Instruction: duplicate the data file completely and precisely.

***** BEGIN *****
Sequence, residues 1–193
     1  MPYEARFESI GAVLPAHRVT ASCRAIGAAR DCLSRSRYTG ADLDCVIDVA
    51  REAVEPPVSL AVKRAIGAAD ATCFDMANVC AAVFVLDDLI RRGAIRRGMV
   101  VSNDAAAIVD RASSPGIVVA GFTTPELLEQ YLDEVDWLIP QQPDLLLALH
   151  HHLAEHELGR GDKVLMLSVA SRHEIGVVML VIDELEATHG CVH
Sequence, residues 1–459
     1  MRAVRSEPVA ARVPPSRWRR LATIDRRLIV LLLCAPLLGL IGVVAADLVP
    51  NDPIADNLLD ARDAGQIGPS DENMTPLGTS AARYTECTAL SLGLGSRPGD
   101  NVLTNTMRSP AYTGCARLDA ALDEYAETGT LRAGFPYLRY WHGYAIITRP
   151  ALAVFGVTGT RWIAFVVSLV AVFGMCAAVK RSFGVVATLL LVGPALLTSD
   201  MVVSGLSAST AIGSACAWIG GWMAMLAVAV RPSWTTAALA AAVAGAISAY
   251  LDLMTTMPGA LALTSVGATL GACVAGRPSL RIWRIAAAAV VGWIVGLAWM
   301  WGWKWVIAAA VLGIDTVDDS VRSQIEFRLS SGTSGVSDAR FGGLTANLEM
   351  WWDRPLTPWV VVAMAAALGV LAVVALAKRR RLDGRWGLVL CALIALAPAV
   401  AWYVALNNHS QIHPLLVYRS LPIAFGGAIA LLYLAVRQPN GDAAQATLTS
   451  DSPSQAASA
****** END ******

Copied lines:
Sequence, residues 1–193
     1  MPYEARFESI GAVLPAHRVT ASCRAIGAAR DCLSRSRYTG ADLDCVIDVA
    51  REAVEPPVSL AVKRAIGAAD ATCFDMANVC AAVFVLDDLI RRGAIRRGMV
   101  VSNDAAAIVD RASSPGIVVA GFTTPELLEQ YLDEVDWLIP QQPDLLLALH
   151  HHLAEHELGR GDKVLMLSVA SRHEIGVVML VIDELEATHG CVH
Sequence, residues 1–459
     1  MRAVRSEPVA ARVPPSRWRR LATIDRRLIV LLLCAPLLGL IGVVAADLVP
    51  NDPIADNLLD ARDAGQIGPS DENMTPLGTS AARYTECTAL SLGLGSRPGD
   101  NVLTNTMRSP AYTGCARLDA ALDEYAETGT LRAGFPYLRY WHGYAIITRP
   151  ALAVFGVTGT RWIAFVVSLV AVFGMCAAVK RSFGVVATLL LVGPALLTSD
   201  MVVSGLSAST AIGSACAWIG GWMAMLAVAV RPSWTTAALA AAVAGAISAY
   251  LDLMTTMPGA LALTSVGATL GACVAGRPSL RIWRIAAAAV VGWIVGLAWM
   301  WGWKWVIAAA VLGIDTVDDS VRSQIEFRLS SGTSGVSDAR FGGLTANLEM
   351  WWDRPLTPWV VVAMAAALGV LAVVALAKRR RLDGRWGLVL CALIALAPAV
   401  AWYVALNNHS QIHPLLVYRS LPIAFGGAIA LLYLAVRQPN GDAAQATLTS
   451  DSPSQAASA